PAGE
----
Rocket Lab Electron rocket lifts off with space debris removal mission

Rocket Lab Electron rocket lifts off with space debris removal mission

On Sunday/Monday, a small satellite embarked on a crucial mission aimed at advancing space debris removal techniques by inspecting a discarded rocket body in orbit. Developed by Japan-based Astroscale, the satellite, named Active Debris Removal by Astroscale-Japan (ADRAS-J), was launched atop a Rocket Lab Electron from the Mahia Peninsula in New Zealand at 3:52 a.m. NZDT (9:52 a.m. EST / 1452 UTC).

The primary objective of ADRAS-J is to approach and monitor the spent upper-stage rocket of an H-2A rocket launched in January 2009. This initiative is part of the Japanese space agency’s (JAXA) Commercial Removal of Debris Demonstration program, with the aim of laying the groundwork for a future mission to deorbit the rocket stage, tentatively scheduled for 2026. While a contract for this subsequent phase of the program is yet to be awarded, ADRAS-J represents a significant step forward in space debris mitigation efforts.

The successful deployment of ADRAS-J, 64 minutes into the flight, marked a milestone for Rocket Lab, with CEO Peter Beck celebrating the mission’s flawless execution on social media. Dubbed “On Closer Inspection,” this mission marked the 44th Electron launch to date and Rocket Lab’s second mission of 2024.

Equipped with visual and infrared cameras, as well as LiDAR sensors, ADRAS-J will initially rely on ground-based observation data to close in on the derelict rocket body. Upon approach, the satellite will switch to onboard sensors to complete the rendezvous, assessing the rocket body’s condition and motion. While ADRAS-J will circle the upper-stage and make a close approach, it will not attempt to physically attach to the rocket.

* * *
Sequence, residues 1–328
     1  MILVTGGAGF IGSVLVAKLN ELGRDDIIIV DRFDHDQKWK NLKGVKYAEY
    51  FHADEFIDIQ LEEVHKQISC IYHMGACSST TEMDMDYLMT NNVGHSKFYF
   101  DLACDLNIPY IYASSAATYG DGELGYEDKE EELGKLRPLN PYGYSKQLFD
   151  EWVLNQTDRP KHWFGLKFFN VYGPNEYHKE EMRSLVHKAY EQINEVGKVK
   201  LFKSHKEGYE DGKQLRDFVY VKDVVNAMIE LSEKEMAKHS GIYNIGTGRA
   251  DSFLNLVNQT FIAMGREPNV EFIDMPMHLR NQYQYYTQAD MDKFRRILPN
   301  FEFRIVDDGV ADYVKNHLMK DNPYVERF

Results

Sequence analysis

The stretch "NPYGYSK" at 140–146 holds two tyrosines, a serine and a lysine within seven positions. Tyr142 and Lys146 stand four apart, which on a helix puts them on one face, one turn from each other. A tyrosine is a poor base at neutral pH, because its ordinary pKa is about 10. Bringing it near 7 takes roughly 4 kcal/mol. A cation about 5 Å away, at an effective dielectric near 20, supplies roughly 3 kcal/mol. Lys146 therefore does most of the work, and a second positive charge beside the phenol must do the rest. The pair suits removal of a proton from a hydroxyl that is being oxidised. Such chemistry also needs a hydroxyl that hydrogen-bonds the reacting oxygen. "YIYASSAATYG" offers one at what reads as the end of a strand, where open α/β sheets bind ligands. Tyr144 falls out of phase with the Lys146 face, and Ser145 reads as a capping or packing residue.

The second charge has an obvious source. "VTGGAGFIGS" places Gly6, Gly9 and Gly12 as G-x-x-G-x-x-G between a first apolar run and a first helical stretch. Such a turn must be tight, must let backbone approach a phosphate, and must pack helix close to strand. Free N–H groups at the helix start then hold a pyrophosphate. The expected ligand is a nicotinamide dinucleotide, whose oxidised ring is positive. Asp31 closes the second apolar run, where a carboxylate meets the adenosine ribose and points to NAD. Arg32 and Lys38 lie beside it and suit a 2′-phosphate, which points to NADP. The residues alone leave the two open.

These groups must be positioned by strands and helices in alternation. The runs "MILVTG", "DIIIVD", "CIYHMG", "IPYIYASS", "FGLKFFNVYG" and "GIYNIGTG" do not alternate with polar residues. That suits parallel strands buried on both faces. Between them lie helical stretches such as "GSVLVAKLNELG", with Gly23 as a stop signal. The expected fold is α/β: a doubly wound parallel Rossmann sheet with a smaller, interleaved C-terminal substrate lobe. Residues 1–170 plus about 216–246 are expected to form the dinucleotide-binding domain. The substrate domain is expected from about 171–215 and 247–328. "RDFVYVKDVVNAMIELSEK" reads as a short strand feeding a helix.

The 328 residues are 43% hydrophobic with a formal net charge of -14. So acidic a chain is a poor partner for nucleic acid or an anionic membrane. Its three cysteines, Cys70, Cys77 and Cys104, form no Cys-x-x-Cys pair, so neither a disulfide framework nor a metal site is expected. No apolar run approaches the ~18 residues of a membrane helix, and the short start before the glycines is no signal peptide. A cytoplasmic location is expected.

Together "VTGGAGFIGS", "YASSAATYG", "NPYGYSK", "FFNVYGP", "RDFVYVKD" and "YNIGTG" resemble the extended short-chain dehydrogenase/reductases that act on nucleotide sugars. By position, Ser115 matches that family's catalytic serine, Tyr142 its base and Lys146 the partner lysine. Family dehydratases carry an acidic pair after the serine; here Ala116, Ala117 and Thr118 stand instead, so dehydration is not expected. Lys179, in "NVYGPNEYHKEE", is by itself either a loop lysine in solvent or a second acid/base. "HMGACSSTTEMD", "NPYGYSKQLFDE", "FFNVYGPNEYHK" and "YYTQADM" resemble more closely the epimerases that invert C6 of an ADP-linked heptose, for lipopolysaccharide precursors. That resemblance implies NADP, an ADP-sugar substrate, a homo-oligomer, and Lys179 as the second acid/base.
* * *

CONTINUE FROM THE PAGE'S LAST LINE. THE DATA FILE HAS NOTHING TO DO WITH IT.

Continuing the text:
The H-2A upper stage, currently orbiting at an altitude of 622 x 557 km with an inclination of 98.2 degrees to the equator, presents a formidable challenge due to its three-tonne mass, 11-meter length, and four-meter diameter. Nobu Okada, founder and CEO of Astroscale, emphasized the complexity of the operation, highlighting the significant technological hurdles involved in capturing images of a fast-moving, uncooperative object in space.

Astroscale, established in 2013 with the objective of offering on-orbit servicing and space debris removal services, operates globally with headquarters in Japan and subsidiaries in the United Kingdom, the United States, France, and Israel. Through initiatives like ADRAS-J, Astroscale aims to address the pressing issue of space debris and pave the way for sustainable space exploration.